Two judges on the U.S. Tenth Circuit Court of Appeals denied a stay Tuesday on the same-sex marriages underway in Utah in the wake of a district court decision overturning the state’s ban on marriage equality.
In the two-page order, U.S. District Judge Jerome Holmes, an appointee of President George W. Bush, and U.S. District Judge Robert Bacharach, an Obama appointee, also agreed to consider the merits of the case on appeal on an expedited basis.
“Having considered the district court’s decision and the parties’ arguments concerning the stay factors, we conclude that a stay is not warranted,” the decision states. “Accordingly, we deny Defendants-Appellants’ emergency motions for a stay pending appeal and for a temporary stay. In addition, we direct expedited consideration of this appeal.”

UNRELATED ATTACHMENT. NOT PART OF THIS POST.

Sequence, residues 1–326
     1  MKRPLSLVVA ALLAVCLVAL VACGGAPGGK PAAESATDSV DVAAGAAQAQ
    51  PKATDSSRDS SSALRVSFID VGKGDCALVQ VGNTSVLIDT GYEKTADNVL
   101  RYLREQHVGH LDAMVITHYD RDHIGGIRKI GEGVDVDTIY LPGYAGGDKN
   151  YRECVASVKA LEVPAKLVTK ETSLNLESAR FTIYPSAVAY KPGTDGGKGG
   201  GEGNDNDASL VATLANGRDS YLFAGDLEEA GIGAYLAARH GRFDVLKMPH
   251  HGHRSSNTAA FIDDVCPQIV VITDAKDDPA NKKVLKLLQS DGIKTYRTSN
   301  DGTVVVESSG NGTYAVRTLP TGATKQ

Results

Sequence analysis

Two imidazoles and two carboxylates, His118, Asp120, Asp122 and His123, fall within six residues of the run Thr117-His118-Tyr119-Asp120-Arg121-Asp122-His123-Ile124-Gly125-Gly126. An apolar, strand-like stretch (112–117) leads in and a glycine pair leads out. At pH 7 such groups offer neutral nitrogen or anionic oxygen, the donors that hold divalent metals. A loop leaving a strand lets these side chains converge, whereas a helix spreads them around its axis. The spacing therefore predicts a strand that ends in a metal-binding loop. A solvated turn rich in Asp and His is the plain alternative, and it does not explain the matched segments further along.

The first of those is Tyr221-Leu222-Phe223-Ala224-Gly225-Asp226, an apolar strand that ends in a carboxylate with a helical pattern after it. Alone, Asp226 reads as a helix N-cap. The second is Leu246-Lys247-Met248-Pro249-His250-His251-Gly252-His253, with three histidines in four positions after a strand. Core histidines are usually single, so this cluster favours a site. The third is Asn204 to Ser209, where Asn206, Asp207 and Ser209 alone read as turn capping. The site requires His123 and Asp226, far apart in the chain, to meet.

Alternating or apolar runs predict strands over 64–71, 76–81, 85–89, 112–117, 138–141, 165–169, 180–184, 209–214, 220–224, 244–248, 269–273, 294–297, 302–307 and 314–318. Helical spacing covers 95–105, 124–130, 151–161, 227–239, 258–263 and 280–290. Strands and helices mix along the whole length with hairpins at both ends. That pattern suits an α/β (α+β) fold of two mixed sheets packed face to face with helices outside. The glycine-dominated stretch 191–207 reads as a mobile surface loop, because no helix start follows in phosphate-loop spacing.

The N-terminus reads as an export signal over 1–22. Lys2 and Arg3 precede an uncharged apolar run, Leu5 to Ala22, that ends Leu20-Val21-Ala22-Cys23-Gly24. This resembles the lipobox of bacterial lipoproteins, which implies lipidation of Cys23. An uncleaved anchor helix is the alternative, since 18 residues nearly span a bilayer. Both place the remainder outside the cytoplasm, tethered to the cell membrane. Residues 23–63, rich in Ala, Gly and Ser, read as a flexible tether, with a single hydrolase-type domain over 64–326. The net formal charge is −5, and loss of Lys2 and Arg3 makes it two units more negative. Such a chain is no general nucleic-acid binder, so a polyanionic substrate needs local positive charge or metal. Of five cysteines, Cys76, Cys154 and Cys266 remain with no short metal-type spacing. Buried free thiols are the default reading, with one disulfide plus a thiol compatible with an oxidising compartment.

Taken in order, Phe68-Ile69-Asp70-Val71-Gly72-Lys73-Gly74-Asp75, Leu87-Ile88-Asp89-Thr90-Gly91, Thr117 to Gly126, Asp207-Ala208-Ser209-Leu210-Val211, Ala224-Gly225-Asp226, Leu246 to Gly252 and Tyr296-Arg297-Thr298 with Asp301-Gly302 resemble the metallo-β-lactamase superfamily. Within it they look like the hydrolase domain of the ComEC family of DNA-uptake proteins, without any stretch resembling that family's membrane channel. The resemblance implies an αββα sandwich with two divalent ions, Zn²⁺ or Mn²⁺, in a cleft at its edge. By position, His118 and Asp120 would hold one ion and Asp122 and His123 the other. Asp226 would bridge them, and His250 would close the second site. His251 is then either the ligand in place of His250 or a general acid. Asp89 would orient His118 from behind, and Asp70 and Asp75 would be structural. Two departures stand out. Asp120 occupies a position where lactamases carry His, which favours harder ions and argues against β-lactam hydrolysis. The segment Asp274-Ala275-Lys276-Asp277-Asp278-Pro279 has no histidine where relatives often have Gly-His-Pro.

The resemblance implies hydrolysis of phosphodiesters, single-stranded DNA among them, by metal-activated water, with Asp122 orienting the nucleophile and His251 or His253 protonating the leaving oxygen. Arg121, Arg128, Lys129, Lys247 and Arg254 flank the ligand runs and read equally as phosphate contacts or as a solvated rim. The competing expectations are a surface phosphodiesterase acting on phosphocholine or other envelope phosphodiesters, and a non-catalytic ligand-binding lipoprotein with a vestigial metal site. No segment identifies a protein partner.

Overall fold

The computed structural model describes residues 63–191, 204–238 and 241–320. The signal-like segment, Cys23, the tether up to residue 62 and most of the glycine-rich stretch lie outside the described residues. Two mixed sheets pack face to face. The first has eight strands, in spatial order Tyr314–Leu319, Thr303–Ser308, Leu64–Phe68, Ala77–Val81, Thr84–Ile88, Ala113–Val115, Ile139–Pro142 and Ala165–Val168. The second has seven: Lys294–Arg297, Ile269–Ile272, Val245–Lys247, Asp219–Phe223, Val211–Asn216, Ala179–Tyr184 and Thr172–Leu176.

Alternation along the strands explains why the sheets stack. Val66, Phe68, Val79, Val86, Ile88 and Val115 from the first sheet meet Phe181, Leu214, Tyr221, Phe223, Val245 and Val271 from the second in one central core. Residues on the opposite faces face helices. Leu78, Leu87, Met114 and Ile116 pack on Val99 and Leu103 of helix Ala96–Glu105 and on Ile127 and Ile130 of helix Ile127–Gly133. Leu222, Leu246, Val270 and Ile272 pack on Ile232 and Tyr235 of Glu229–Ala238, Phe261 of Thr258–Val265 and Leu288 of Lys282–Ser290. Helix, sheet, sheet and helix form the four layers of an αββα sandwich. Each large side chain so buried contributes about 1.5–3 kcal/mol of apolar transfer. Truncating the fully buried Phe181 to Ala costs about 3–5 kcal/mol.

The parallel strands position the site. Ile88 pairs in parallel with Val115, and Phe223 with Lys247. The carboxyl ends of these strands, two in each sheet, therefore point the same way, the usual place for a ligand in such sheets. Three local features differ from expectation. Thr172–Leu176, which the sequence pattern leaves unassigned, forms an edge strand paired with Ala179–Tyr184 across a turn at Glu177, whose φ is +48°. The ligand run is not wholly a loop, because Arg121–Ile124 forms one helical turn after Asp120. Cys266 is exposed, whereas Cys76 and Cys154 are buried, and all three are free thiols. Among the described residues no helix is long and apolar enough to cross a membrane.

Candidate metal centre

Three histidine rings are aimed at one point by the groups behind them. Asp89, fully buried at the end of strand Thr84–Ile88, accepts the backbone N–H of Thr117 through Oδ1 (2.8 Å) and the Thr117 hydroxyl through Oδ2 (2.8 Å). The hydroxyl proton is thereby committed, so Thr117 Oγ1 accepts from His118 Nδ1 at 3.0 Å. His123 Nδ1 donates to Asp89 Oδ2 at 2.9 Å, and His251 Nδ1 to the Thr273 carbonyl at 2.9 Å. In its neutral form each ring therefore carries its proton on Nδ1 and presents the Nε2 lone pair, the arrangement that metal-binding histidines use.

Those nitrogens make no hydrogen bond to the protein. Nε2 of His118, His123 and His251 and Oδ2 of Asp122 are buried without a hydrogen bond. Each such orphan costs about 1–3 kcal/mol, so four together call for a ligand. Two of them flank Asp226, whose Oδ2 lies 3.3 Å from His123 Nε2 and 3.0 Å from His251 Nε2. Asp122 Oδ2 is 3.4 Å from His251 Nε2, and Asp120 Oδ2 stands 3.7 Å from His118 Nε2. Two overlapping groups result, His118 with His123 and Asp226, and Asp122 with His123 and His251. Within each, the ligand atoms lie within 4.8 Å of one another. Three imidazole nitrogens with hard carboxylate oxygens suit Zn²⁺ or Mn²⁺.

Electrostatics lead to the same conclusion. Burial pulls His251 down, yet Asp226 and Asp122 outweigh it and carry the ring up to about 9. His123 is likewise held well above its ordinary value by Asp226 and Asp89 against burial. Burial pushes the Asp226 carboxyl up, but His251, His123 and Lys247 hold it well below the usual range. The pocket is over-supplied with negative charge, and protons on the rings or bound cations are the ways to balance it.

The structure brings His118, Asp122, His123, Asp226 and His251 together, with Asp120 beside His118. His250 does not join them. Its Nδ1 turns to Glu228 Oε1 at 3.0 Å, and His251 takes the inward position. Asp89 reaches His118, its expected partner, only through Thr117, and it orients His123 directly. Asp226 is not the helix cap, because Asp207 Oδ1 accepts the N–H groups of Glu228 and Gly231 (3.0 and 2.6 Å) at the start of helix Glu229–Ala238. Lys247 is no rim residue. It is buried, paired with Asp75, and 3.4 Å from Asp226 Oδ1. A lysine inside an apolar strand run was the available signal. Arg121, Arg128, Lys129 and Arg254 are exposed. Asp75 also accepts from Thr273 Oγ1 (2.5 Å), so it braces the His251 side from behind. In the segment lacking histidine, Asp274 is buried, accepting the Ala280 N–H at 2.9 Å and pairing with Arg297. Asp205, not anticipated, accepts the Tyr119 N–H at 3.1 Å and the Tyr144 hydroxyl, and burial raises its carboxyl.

In determining whether to grant a stay in a case, the judges write that the likelihood of success on appeal and the threat of irreparable harm are the “most critical” considerations and they “require more than a mere possibility of success and irreparable harm, respectively.”
Unlike the first two denials this week for an emergency stay, the judges don’t give state officials another chance to refile their request, meaning the Tenth Circuit has delivered its final word on the issue. The two judges who denied the stay are the same two judges would denied the stays earlier this week.
But same-sex marriage seeking to marry in Utah aren’t out of the woods yet. State officials — Gov. Gary Herbert and Attorney General Sean Reyes — can file a request for a stay before the U.S. Supreme Court. The request would go to U.S. Associate Justice Sonia Sotomayor, who could refer the issue to the entire court.
According to local TV affiliate Fox 13, Reyes intends to take that route and file a request for a stay before the U.S. Supreme Court.
— Ben Winslow (@BenWinslow) December 25, 2013